Monday, August 4, 2014

Okinoshima-cho, Okinoshima Day 3

The sun setting as I approach Dogo

Okinoshima is the most populous of the four towns, at approximately 15,000 people. The entire population occupies the largest island of Dogo, as well as the uninhabited islets of Okinashima, Obanashima, Tsunameshima, Shijikijima and Ombeshima . This is obvious from the first arrival. The port at Okinoshima was the most prominent and developed of the four ports I had seen on Oki. The most discernable difference was this is was made from glass and concrete, unlike the wooden pavilions I had seen in Dozen.

The port at Dogo on Okinoshima

Over one hundred years ago, famed travelor Lafcardio Hearn was also impressed by the modern appearance of the port of Okinoshima.

“Saigo was a great surprise. Instead of the big fishing village I had
expected to see, I found a city much larger and handsomer and in all
respects more modernized than Sakai; a city of long streets full of good
shops; a city with excellent public buildings; a city of which the whole
appearance indicated commercial prosperity. Most of the edifices were
roomy two story dwellings of merchants, and everything had a bright, new
look. The unpainted woodwork of the houses had not yet darkened into
grey; the blue tints of the tiling were still fresh. I learned that this
was because the town had been recently rebuilt, after a conflagration,

and rebuilt upon a larger and handsomer plan.”

The ferry from Dozen to Dogo

The port also boasted an arrival platform similar to those in airports, where residents can early await the arrival of guests. I spotted my host there. He was easy to find, being blonde and over six feet tall. At the arrival platform I bid goodbye to my ship companions and hopped in the car with my host.

That evening we dined at the home of a local woman from Okinoshima. She was close to seventy, with a grown daughter and grandchildren in elementary school. The menu was a Japanese-European fusion of croquettes, pasta salad, chawanmushi, and purin. We dined in traditional Japanese fashion, sitting at a low table on the tatami floor. The conversation hovered around the future plans of all foreigners at the table, including myself, who all planned to leave Japan in August. We also talked about our host’s family. The woman’s daughter had married an American man fifteen years ago and moved with him to the United States. She showed us their wedding photos and pictures of their children.

When we returned to the home of my foreign host, we ended the night by eating ice cream and watching an American movie. Just after midnight I made my futon in the guest room and fell asleep just before midnight.

An excellent home-cooked dinner

My bed on Dogo for the night


The next morning I struggled to awake even with the blaring ring of my alarm. It was the third and final day of my 3-Day Walk. I had only 12K to walk but I could already tell that it would be challenging. My feet were incredibly sore from the previous days, I had blisters on every toe, and I was drain from a night of restless sleep. I dressed and quietly slipped out of the house at 6:45 am, careful not to wake my still sleeping host.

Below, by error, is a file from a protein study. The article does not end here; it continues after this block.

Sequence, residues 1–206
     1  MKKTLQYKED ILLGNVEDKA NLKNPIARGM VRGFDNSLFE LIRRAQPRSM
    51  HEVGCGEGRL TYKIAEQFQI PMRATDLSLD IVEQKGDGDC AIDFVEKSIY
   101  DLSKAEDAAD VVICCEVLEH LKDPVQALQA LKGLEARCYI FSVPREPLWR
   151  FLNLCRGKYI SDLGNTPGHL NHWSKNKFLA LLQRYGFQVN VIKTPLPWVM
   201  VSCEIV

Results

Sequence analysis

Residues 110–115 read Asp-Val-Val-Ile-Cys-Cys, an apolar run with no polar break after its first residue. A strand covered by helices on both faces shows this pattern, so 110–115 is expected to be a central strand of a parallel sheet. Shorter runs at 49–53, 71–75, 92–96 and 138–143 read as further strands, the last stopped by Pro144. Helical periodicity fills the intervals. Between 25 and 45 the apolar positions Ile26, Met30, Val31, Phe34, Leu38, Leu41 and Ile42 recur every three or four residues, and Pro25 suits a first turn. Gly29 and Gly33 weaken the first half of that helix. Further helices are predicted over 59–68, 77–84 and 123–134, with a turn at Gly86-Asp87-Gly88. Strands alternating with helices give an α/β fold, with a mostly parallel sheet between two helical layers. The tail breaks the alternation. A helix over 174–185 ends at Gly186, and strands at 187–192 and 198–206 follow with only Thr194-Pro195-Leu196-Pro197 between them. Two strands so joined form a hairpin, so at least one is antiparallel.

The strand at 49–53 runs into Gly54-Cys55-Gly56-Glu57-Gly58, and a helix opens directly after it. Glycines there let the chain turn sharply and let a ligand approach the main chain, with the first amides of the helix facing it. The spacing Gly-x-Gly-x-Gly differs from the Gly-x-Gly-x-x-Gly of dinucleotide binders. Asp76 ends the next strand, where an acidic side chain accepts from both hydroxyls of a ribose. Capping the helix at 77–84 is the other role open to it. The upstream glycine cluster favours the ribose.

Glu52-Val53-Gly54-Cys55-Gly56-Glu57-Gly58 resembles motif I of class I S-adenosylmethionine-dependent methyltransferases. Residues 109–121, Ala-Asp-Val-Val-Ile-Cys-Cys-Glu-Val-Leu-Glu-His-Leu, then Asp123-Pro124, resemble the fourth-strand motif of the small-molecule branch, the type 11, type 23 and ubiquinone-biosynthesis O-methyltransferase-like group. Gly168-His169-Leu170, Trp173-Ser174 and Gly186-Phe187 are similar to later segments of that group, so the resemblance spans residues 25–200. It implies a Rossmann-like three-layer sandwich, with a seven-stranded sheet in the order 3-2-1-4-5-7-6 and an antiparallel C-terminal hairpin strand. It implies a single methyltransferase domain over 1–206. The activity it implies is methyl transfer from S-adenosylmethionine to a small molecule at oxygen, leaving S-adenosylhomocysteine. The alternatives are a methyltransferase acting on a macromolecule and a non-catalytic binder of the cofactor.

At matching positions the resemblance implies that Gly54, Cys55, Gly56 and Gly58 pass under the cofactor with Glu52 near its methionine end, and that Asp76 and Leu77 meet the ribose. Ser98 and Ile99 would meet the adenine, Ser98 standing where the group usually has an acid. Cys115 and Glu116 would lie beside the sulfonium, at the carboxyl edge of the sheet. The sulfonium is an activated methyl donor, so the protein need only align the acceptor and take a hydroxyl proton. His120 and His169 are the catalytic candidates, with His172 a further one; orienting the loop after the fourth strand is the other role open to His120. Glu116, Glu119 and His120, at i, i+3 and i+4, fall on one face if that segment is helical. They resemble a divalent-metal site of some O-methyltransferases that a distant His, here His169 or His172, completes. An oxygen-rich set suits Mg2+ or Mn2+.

The house where I stayed was a 20 minute walk from the port, about 1.5 kilometers. I left my suitcase at the house, where I would return to get it later, and quietly walked to the pier.

After reaching the pier I boarded a chartered bus that drove us to the starting point, which took nearly an hour. I napped on the way to catch up from last night’s lack of sleep. The starting point was in an open field in front of a camp site.  Based on the course map, this would be an interior walk through the island, and we would only be briefly near the shoreline.

At 8:30 promptly we started out walking to the coast, were I was met with the same solitary white lighthouse that I had seen from the ferry to Oki. Now I was on the land behind the lighthouse, looking out into the sea that brought me.

The course then had us turn around and walk back through the campsite. It was mostly a flat paved path that ascended only slightly uphill to end at a peaceful lake. The water was so still and calm that it perfectly reflected the green mountains behind it.

The perfect mirror

After walking around the lake, the path lead back down the hill and into town, where I crossed over one final bridge before arriving at the goal. There, my final lunch bento was waiting for me, and it was the largest of all. I ate outside by the shoreline while waiting for the bus back into town.

The bridge at the finish line

My large victory bento

The chartered bus carried us back to the port at 1:00 pm, but my walk wasn’t over. I still had to trek another 1.5 kilometers to my host’s house, shower and pack, then walk 1.5 K back to the port to catch the ferry to the mainland. In total, I walked 16K by the time I reached the ferry to Matsue. I was so exhausted that I grabbed a bamboo matt and fell asleep on the deck for entire 2-hour ride.

The sight of Shichiri Port in the distance only signaled that I was one-third of the way finished with my journey home. I still had to take a bus back to Matsue station, then a train back to Oda station, then drive 45 minutes to my home.

The sun was setting as I boarded the train, and it was dark by the time I started my drive. Along the drive home, my thoughts wandered to the Oki Islands, where the stars would be shining gloriously over a black sea.  

Manhole cover of Okinoshima

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